I got quite a lot of comments on last weeks article on income taxes. It may have even gotten me banned from Facebook. I stand by my views, including the view that income taxes (especially when used for redistributive social programs) represent a form of slavery.
I am going to try and answer the questions posed by my readers below, with the exception of Young Conservative’s question on the definitions of morality. This will have to be saved for a separate article.
Yes, Kristen, I was tossed off of Facebook. I hope to be back soon. In the meantime, dont forget to click the “share” button to help me out.
Jeffrey Bowman asked if I would favor a consumption tax like the FairTax. Yes, I would. I believe that taxation is a necessary evil, but that it is necessary. As I said in my article, I am not an anarchist. I believe that a limited government is necessary to protect the rights of its citizens. In order to fund the government, taxes of some form must be levied.
I prefer the FairTax because it essentially makes taxation voluntary. Under the FairTax, every family in the country would be sent a check at the start of every month for the amount of money that their family would spend on taxes if they lived at the poverty line. Additionally, used goods (ie, used cars and used clothing) would not be taxed. Every individual would essentially pay the taxes that they wanted.
Wealthy individuals would be encouraged to save and invest, as savings and investment would no longer be subjected to taxation.
Under this system, even illegal forms of business could benefit the economy, as drug dealers and other criminals would be able to put their money into bank accounts, rather than under their mattresses.
Businesses would no longer have to match contributions to social security and medicare. These programs would be funded through consumer spending.
In fact, the abolition of corporate income taxes could lead to foreign companies relocating to America.
American workers industry would benefit as well. Because the employers would no longer have to match employee contributions, and because they would no longer have to pay corporate income taxes, American made goods could be sold to foreign consumers at a cheaper–and more competitive price.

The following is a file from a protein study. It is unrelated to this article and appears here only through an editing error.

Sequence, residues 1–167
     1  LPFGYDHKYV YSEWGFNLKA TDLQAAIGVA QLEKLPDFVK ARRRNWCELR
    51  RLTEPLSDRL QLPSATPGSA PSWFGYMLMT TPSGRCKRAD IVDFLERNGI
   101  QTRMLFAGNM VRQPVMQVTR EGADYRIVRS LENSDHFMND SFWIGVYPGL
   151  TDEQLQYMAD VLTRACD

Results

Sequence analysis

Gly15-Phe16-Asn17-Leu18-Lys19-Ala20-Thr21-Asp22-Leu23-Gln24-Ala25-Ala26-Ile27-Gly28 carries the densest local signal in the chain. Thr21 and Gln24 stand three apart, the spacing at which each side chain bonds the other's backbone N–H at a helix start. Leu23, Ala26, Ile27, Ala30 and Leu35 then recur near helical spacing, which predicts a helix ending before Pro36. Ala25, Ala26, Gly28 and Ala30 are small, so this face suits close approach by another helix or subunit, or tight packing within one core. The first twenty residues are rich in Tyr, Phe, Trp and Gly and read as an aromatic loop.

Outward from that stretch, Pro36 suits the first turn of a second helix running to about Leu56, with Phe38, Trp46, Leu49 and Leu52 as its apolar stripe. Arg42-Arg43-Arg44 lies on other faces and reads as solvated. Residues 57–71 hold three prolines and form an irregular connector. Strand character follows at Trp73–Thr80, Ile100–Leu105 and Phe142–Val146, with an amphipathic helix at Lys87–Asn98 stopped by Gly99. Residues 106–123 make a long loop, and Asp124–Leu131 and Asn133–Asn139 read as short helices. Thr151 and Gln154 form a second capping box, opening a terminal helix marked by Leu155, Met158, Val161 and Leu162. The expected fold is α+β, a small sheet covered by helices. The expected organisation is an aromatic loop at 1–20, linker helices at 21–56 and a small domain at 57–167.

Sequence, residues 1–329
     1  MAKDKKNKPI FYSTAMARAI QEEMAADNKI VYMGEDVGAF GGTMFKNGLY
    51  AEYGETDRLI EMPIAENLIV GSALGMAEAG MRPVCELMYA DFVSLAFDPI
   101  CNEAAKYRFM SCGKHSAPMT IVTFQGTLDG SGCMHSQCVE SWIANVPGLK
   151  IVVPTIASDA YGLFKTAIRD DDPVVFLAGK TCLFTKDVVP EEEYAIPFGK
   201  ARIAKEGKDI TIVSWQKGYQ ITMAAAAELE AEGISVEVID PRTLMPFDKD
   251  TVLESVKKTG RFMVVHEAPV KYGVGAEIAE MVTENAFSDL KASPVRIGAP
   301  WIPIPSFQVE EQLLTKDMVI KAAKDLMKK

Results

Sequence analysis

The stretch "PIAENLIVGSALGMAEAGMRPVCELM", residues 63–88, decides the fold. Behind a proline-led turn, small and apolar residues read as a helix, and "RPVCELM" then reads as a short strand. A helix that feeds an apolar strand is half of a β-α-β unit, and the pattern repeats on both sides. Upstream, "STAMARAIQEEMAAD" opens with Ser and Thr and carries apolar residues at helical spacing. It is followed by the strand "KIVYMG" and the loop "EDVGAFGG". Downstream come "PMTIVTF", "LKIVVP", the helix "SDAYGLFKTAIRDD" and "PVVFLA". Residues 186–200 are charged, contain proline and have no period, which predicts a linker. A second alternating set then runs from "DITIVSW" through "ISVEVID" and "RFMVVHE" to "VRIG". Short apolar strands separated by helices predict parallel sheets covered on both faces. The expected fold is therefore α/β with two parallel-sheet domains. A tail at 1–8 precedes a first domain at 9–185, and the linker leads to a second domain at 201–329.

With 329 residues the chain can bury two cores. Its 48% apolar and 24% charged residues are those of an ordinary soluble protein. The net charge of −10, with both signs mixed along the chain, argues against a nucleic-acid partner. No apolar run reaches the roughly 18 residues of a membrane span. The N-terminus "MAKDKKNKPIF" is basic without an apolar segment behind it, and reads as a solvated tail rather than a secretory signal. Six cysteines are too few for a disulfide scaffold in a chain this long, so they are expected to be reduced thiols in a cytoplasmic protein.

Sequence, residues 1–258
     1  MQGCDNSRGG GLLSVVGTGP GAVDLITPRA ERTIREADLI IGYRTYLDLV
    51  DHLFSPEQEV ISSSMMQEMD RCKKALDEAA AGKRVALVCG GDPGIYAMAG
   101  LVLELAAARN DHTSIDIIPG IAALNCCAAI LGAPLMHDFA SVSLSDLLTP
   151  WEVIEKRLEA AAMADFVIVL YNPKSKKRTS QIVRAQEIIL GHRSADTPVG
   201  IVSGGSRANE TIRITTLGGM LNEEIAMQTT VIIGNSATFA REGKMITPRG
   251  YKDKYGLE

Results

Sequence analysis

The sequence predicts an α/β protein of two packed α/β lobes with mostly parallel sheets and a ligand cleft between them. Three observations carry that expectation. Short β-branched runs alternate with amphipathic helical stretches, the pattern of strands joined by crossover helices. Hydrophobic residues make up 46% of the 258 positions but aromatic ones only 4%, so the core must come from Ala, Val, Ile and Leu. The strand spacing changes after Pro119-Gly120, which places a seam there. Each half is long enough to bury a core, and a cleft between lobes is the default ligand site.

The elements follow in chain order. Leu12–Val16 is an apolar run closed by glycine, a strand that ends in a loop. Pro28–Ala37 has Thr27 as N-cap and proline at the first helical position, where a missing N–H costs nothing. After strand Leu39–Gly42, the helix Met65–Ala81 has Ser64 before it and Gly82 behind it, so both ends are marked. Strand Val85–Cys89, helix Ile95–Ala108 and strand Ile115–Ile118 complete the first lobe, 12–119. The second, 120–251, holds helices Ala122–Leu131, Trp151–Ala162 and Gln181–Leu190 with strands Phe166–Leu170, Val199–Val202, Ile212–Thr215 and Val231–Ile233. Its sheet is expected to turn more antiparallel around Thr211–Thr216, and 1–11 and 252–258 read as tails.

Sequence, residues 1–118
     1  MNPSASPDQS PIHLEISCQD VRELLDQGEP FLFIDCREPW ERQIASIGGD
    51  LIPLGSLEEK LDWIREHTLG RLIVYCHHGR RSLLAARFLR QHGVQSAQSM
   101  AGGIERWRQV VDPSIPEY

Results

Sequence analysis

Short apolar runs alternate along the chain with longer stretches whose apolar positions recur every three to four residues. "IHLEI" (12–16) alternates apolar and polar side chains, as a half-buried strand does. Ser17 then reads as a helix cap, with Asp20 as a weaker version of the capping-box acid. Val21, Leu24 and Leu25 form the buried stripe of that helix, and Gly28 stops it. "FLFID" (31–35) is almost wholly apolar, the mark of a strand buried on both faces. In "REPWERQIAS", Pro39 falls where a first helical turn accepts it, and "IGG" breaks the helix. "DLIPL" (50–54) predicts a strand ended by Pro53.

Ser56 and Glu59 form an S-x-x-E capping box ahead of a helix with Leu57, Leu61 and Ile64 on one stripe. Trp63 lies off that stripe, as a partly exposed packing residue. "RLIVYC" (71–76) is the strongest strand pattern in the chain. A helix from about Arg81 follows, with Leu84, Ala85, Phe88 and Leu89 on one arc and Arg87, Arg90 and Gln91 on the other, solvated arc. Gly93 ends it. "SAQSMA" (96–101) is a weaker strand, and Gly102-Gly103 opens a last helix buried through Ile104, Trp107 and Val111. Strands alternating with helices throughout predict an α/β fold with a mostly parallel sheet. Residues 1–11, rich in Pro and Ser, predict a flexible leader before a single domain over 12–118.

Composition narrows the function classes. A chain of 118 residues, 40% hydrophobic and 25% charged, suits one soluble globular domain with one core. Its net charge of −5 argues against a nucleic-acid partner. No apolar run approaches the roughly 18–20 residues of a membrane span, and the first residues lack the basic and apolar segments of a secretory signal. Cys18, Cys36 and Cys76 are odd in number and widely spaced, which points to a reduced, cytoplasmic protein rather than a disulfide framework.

Several years ago I read an amazing book on the FairTax called . Check it out. It breaks down the FairTax and tells of its effects on every group in society, as well as the effects on many different types of industries. It answers questions and concerns on the tax that you may have.
Hawk–I wrote about property taxes here. If that doesnt answer your questions, lemme know. Yes, a tax on consumption would decrease consumption. However, the increased income due to larger paychecks and the monthly “prebate” could offset this drop in consumption. Additionally, greater profit margins for businesses inevitably leads to entry of new firms into business, which in turn leads to lower prices, thereby giving another incentive to consume.
However, maybe consumption should drop. After all, the typical American family is deeply in debt. Furthermore, many of the consumer goods that Americans buy with debt are purchased from foreign nations, leading to an increase in our negative trade balance (trade deficit). I dont think it would be the worst thing in the world if consumption did drop, however, I still think that it would not do so due to the facts that I mentioned above.
The argument that CPA’s would lose their jobs doesnt bother me. So what? Let them use their financial skills to find work in other areas. We shouldnt have to live with an unjust and complicated tax system just to keep CPA’s employed–at the expense of the rest of society. Just as we shouldnt forgo sentencing reform to keep prison guards employed. In fact foregoing either tax reform or sentencing reform will keep many people employed, but it does so while keeping others in chains.
I had another thought on the nature of income taxes in this nation. A [so called] progressive income tax is a violation of the 14th Amendment to our Constitution. Section 1 of this Amendment states that the government may not “deny to any person within its jurisdiction the equal protection of the laws.” This doesnt just apply to giving preferential or discriminatory treatment to people of different races or religions. The Amendment prevents denying equal protection of the laws to all people. This includes the rich as well as the poor.
Hawk, you are right that a debate is needed on taxes at this point. This is exactly why FairTax supporters are proposing a Constitutional Amendment to repeal the 16th Amendment and allow for a tax on consumption. The Constitutional Amendment process is a long and cumbersome one which would force this proposed change to be debated in the halls of Congress, the halls of State Legislatures, and most importantly among the citizenry itself.
Please help me promote my site: